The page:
kaashif's blog

Programming, software freedom and Unix

Sorting a ton of mail

Migrating mail servers is a tricky business, especially when one server doesn’t have IMAP set up. The easiest way is to download all the mail and reupload it to the new mail server.

This seems simple enough, but I ran into problems. After all, I was going from an IMAP server somewhere to a maildir (no IMAP sync tool supports mbox for some reason) to an mbox through procmail to a directory of mboxes. Not trivial.

The Problem

I am a user of Zoho’s mail service. It serves me well but there are usage limits. I set up my own mail server so I wouldn’t have to deal with there limits. But how do I get my mail from an IMAP server to a non-IMAP server.

I’m obviously not going to setup IMAP, another public service which increases my attack surface, just to migrate mail.

The Solution Part 1: Downloading the mail

This was supposed to be simple. I installed isync and wrote an .mbsyncrc which would fetch mail and deliver to a maildir. But there are usage limits, and I ran into them while fetching my 100k messages.

IMAP command 'AUTHENTICATE PLAIN <authdata>' returned an error: NO [ALERT] Your account is currently not accessible via IMAP due to excessive usage. Kindly try after some time.
*** IMAP ALERT *** Your account is currently not accessible via IMAP due to excessive usage. Kindly try after some time.

Argh! So annoying. I noticed that I could try again after a few minutes. So what if I slowed down mbsync to the point where it takes longer to hit the usage limit than the time it takes for the limit to reset. This turned out to be simple, I just added this line to my .mbsyncrc account:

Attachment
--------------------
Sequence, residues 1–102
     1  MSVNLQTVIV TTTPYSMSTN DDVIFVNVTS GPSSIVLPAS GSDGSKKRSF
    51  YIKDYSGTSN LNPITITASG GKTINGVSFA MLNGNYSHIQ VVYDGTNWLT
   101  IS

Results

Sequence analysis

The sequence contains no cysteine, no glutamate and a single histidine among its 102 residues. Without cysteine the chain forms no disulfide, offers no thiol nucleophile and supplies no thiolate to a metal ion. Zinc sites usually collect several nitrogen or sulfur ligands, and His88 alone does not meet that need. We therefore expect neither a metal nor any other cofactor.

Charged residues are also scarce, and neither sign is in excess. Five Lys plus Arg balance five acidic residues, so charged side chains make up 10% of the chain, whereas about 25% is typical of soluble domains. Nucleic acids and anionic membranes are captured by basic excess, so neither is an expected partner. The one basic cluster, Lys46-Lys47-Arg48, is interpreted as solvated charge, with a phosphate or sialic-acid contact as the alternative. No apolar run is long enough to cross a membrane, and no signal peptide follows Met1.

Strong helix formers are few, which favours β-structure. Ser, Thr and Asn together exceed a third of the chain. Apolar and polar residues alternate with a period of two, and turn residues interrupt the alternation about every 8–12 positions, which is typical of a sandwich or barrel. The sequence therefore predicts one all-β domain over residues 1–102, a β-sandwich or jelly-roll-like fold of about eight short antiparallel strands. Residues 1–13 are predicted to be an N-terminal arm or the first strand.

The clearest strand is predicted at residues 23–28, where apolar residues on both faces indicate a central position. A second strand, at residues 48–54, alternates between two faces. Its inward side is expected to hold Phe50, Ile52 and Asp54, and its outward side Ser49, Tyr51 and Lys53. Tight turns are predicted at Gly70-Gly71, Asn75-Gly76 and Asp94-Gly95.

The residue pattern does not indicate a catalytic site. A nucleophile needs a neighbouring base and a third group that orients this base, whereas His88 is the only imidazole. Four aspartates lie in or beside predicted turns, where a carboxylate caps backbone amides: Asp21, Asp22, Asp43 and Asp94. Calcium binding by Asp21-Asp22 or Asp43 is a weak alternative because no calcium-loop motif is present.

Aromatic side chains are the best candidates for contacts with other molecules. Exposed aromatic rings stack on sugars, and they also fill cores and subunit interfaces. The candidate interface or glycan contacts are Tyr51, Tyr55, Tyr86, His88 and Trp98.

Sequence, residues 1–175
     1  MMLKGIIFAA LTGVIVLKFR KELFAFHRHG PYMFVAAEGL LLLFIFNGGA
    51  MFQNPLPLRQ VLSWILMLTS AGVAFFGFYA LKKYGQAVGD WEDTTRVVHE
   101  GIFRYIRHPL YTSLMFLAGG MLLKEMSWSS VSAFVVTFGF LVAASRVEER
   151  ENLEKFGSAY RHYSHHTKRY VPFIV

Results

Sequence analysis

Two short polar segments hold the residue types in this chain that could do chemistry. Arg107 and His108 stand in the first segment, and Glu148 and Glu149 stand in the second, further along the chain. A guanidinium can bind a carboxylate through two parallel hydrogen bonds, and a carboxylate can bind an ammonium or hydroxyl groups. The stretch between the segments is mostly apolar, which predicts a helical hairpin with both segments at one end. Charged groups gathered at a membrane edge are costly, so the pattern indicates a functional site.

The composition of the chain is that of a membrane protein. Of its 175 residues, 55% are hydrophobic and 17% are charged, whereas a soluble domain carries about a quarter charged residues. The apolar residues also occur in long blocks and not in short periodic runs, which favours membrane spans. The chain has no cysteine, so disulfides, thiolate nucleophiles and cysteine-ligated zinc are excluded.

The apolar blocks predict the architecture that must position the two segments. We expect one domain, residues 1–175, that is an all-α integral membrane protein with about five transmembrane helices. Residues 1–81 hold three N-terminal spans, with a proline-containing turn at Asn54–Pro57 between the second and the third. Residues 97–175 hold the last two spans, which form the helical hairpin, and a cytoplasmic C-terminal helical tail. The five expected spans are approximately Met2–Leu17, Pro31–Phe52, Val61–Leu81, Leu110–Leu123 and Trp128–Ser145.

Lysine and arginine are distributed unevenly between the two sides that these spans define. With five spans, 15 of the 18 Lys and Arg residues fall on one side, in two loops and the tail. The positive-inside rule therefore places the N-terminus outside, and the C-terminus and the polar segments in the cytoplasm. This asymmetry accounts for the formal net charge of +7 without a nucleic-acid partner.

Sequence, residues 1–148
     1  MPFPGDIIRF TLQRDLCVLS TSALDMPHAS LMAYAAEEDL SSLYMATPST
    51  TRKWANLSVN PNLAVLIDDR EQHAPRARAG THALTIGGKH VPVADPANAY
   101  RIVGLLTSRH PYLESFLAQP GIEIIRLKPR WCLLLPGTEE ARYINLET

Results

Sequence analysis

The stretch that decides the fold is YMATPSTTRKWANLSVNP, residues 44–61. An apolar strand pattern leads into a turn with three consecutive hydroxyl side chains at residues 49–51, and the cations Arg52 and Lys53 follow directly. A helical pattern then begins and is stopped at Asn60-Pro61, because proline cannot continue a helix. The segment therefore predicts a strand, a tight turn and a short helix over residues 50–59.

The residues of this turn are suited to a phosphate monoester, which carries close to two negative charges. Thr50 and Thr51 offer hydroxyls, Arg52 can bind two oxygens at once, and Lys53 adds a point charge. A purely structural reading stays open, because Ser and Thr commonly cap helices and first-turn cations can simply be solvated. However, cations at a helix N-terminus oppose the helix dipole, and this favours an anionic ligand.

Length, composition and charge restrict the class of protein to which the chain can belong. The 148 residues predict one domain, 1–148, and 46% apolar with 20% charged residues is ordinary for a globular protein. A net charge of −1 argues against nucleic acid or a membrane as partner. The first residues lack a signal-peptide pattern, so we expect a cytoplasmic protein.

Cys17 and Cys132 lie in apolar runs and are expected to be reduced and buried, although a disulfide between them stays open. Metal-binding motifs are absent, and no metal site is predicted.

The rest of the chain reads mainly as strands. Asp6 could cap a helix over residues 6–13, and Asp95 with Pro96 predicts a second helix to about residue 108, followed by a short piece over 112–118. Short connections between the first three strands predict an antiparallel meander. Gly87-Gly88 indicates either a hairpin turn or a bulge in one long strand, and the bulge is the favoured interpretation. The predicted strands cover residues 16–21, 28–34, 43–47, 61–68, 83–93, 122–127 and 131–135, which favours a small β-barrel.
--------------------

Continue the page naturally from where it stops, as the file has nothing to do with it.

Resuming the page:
PipelineDepth 1

This entirely disables pipelining, i.e. only one IMAP command can happen concurrently whereas before, the limit was infinite.

Converting to mbox

So I have all my mail in ~/.mail. But now what? My mailserver deals in mboxes, not maildir.

I came across a Python script that converts a maildir to a mailbox:

# -*- coding: utf-8 -*-

import mailbox
import sys
import email

mdir = mailbox.Maildir(sys.argv [-2], email.message_from_file)
outfile = file(sys.argv[-1], 'w')

for mdir_msg in mdir:
    # parse the message:
    msg = email.message_from_string(str(mdir_msg))


It’s so simple and speaks to the simplicity of the mbox format. So I ran it:

$ cd mail
$ for d in *; do python2.7 mailconv.py "$d" "${d}.mbox"; done

It eventually completed and I was left with a mess of disjointed mailboxes.


Now I had to sort them. But of course, mails get sent one at a time, so if my final intention is to pipe all of them through procmail to apply my new filters, I had to smush them all together first.

Funnily enough, I came across a Python script that sorts mbox:

#!/usr/bin/env python2.7
from email.utils import parsedate
import mailbox, sys

def extract_date(email):
    date = email.get('Date')
    return parsedate(date)

the_mailbox = mailbox.mbox(sys.argv[1])
sorted_mails = sorted(the_mailbox, key=extract_date)

Using this script:

$ cat *.mbox > all.mbox
$ python2.7 sort.py all.mbox

And there we have it, a sorted mbox! That script uses a lot of memory and CPU, Python isn’t the best language for this.

Getting it to the mail server

This wasn’t too difficult. First I sent the blob:

$ gzip all.mbox
$ scp all.mbox.gz mail.kaashif.co.uk:~/

Then, on the server, I used a nifty program called formail which comes with procmail and applies a command to each mail in an mbox:

$ gunzip all.mbox.gz
$ formail -ds procmail < all.mbox

And the mail was sorted as I specified and it’s all there!